Ema Gaspar returns with a cathartic new book, created in response to the current shift in the world

The Portugal-based illustrator has spent the last year understanding herself and her practice more clearly, resultantly creating her new book, Closet.

16 March 2021


In late 2019, we came across the work of Portugal-based illustrator Ema Gaspar and were completely besotted with the detail and rawness of her portfolio. Quite unlike anything we’d seen before, her oddly charming characters and intricate chain-like embellishments were a huge hit with us over at It’s Nice That. And we’re more than excited to finally share some updates.

Since we last spoke, Ema has been part of a host of different collaborations; more recently, this involves working with the band Ian Sweet, as well as Daniela Andrade, Nieves, The New York Times, Grape and Office Kiko. She’s also held an exhibition and artist’s residency in Japan, so it’s safe to say that the year has been a busy one, let alone a complete whirlwind. “This year has been a mix of dealing with a lot of personal projects and being grateful for all the invitations for projects I’ve been receiving,” she tells It’s Nice That. “I’ve been in a battle to give space to myself to feel both of those things at the same time. In one way celebrating and at the same time recovering from something bad. Discovering that emotions are not binary.”

Alongside this, Ema’s process and artistic ethos has seen a slight shift in attitude. “Before, I never made sketches and now I do,” she adds, noting how she still doesn’t own a sketchbook. “I don’t feel the need to be drawing every day.” Instead, her sketching only occurs when she’s finalising an image. What’s more is that she’s steered away from the tendency to work in a more fragmented manner – the type that’s patchy but aesthetically pleasing – and decided to build more realised, narrative-driven pieces. She’s also started to use a reduced colour palette, changing from the punchy and varied hues that she’s used to employing. “I’m using few colours because I don’t feel so energetic with the state of things. Maybe the way I use colours represents my inner energy.”


Ema Gaspar: Closet (Copyright © Ema Gaspar, 2021)

This all becomes evident as you observe Ema’s recent offering, a book called Closet, printed by Txt Books. Within Closet, the team at Txt Books – an artist-run independent publishing initiative based in Brooklyn – reached out to Ema and invited her to create a book with utmost freedom. She could create anything she put her mind towards, which Ema says is a blessing. “I can’t thank them enough and it has been so nice to work with them,” she says, proceeding to detail the book as one that navigated around a Tarot card reading from her friend. The Tower card kept popping up, which represents a sudden change in a life caused through chaos and destruction that “leads to rebuilding everything anew,” she adds, “which made sense at the time”. In this regard, Ema started the book with the intention to look inwards, “opening the closet” and respecting that this might be her path forwards. This was also before the pandemic in 2019. “Like opening a closet filled with people and things you are faced with, it creates a weird mix of fears, thoughts, characters, toys and good memories. It turns into a fantasy world, a circular movement when you create characters to personify your thoughts. Then your thoughts turn into a fantasy world where characters that you’ve never met before live.”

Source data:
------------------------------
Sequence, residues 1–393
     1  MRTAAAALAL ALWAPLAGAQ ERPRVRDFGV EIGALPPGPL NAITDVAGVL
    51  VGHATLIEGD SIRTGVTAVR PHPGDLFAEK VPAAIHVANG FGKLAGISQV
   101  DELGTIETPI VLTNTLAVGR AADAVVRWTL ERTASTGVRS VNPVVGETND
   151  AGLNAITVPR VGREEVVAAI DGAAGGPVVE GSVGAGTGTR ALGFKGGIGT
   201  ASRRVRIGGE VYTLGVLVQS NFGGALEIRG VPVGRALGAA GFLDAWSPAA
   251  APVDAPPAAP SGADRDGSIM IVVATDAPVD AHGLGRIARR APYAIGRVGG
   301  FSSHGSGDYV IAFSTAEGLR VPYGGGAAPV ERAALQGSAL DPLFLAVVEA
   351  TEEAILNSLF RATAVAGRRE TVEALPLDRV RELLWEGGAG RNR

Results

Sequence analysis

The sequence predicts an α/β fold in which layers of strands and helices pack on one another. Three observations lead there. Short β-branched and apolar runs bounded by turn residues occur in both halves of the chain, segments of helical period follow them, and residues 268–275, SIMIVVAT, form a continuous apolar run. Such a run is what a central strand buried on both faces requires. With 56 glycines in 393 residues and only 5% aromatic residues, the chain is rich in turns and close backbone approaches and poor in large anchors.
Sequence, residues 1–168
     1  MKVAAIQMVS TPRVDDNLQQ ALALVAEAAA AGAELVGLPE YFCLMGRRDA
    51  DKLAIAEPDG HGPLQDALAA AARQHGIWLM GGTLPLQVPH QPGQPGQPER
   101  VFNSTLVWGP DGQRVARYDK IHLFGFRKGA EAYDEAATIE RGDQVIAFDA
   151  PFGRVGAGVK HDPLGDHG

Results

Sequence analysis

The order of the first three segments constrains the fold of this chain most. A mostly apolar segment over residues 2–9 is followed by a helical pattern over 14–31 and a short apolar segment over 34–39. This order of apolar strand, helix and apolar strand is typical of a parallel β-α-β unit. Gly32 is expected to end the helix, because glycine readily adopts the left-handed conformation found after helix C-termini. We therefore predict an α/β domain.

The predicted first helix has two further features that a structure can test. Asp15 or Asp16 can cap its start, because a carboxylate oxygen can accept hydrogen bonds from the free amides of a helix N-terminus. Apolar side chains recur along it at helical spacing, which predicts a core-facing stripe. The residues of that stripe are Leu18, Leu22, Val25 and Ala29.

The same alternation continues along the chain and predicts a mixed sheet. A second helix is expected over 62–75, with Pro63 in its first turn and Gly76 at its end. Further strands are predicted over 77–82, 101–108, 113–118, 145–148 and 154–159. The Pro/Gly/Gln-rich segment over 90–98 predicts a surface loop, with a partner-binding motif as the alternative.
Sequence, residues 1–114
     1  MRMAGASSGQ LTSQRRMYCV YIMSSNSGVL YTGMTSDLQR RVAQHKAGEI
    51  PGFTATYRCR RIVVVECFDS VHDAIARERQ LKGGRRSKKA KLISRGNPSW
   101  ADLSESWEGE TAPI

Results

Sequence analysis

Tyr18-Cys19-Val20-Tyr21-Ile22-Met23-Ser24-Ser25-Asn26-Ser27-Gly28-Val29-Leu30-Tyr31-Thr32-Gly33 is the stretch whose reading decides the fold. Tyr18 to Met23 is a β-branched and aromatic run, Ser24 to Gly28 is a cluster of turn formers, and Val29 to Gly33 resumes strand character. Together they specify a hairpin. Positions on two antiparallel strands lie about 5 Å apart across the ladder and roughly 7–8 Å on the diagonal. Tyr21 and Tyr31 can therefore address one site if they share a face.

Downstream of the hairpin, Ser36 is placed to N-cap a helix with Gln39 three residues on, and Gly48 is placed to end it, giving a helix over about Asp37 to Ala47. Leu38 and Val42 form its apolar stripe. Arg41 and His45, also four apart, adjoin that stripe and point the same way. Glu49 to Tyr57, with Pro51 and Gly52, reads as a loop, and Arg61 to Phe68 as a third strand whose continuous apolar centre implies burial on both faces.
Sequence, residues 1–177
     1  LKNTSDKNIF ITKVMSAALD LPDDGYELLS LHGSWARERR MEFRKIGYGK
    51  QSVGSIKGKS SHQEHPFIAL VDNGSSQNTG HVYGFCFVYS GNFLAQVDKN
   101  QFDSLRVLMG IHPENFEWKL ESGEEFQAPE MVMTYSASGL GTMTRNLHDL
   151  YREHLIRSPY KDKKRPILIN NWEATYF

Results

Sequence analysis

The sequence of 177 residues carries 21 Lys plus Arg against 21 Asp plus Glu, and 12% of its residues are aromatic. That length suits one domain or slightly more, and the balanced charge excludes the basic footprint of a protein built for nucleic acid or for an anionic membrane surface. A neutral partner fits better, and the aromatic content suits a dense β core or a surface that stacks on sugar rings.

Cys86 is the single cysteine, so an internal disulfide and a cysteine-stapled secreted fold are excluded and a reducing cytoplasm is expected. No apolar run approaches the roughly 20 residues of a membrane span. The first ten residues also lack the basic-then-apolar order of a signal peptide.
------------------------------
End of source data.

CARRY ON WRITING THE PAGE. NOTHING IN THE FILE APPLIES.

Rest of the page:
Closet, in this sense, was derived as a remedial quest to find out more about her past and present emotions. Within, there’s a collection of drawings all created under the theme of change and discovery – much like what her Tarot card had predicted. Ema opened up this closet and respectively allowed herself to become vulnerable, turning a close eye towards the things in life that have hurt her and what she must do to overcome these obstacles. So what might at first seem like a compilation of cute, twiddly and friendly illustrations, are in fact a very intimate quest into learning more about one’s self. Replete with pastel pinks, reds and yellows, and printed on Risograph, Ema also asked Nhozagri (who creates plushies) and Sally House (who creates toys) to contribute to the book. An apt and fitting collaboration no less.

A favourite spread of the illustrator’s is a piece looking at the stickers she’d bought in Japan, which she says is “something like a portal from a video game where a girl comes to help another character with her struggles.” The image on the right is based on a picture she took in Japan, which she then distorted to become synonymous with a “blissful memory”. This is just a small example of the cathartic power that Closet beholds for the illustrator – which, combined with two pages worth of personal text, explicitly shows how she’s been feeling over these troubling times. “What’s important to me is that my work creates emotions to people even if they’re unknown to them,” she concludes. “That couldn’t make me feel happier. It’s a privilege to transport people to a different feeling world, and that’s what I’ve been doing during the lockdowns.”

GalleryEma Gaspar: Closet (Copyright © Ema Gaspar, 2021)

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Ema Gaspar: Closet (Copyright © Ema Gaspar, 2021)

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About the Author

Ayla Angelos

Ayla is a London-based freelance writer, editor and consultant specialising in art, photography, design and culture. After joining It’s Nice That in 2017 as editorial assistant, she was interim online editor in 2022/2023 and continues to work with us on a freelance basis. She has written for i-D, Dazed, AnOther, WePresent, Port, Elephant and more, and she is also the managing editor of design magazine Anima. 

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